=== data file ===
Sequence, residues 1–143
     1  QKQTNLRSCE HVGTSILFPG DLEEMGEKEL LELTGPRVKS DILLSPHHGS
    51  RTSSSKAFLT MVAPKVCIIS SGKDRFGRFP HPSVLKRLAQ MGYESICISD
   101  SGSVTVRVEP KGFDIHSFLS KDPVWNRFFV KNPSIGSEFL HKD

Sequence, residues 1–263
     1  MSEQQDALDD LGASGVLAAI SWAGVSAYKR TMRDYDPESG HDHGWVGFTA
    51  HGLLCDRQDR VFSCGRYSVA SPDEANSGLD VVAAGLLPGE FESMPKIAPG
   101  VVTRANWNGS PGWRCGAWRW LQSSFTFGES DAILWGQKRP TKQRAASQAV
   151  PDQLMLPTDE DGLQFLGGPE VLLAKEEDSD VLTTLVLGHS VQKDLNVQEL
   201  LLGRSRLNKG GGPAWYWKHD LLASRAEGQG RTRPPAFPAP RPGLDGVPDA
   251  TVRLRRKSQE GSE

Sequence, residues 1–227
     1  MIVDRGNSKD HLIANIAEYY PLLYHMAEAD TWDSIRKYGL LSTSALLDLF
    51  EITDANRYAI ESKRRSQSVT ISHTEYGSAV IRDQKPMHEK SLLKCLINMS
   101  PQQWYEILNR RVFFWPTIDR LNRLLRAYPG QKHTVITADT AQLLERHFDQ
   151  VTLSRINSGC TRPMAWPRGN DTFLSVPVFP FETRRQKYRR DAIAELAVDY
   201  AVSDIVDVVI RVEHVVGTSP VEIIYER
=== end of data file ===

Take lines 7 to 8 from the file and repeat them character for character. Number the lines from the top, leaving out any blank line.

    51  HGLLCDRQDR VFSCGRYSVA SPDEANSGLD VVAAGLLPGE FESMPKIAPG
   101  VVTRANWNGS PGWRCGAWRW LQSSFTFGES DAILWGQKRP TKQRAASQAV